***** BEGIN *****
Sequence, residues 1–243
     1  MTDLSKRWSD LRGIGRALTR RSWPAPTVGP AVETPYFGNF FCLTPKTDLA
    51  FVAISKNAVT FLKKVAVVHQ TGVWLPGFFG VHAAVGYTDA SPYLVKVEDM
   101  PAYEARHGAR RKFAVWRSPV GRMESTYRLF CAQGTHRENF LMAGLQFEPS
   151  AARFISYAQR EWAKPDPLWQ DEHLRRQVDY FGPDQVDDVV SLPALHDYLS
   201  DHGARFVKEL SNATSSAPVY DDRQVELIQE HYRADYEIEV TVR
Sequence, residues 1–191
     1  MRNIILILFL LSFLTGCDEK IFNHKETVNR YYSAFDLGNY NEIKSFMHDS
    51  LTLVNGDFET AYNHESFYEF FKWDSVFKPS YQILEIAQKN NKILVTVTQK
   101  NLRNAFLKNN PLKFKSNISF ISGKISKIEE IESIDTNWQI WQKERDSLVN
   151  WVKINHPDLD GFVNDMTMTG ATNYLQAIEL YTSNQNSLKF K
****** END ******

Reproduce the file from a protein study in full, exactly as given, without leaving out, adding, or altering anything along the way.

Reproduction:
Sequence, residues 1–243
     1  MTDLSKRWSD LRGIGRALTR RSWPAPTVGP AVETPYFGNF FCLTPKTDLA
    51  FVAISKNAVT FLKKVAVVHQ TGVWLPGFFG VHAAVGYTDA SPYLVKVEDM
   101  PAYEARHGAR RKFAVWRSPV GRMESTYRLF CAQGTHRENF LMAGLQFEPS
   151  AARFISYAQR EWAKPDPLWQ DEHLRRQVDY FGPDQVDDVV SLPALHDYLS
   201  DHGARFVKEL SNATSSAPVY DDRQVELIQE HYRADYEIEV TVR
Sequence, residues 1–191
     1  MRNIILILFL LSFLTGCDEK IFNHKETVNR YYSAFDLGNY NEIKSFMHDS
    51  LTLVNGDFET AYNHESFYEF FKWDSVFKPS YQILEIAQKN NKILVTVTQK
   101  NLRNAFLKNN PLKFKSNISF ISGKISKIEE IESIDTNWQI WQKERDSLVN
   151  WVKINHPDLD GFVNDMTMTG ATNYLQAIEL YTSNQNSLKF K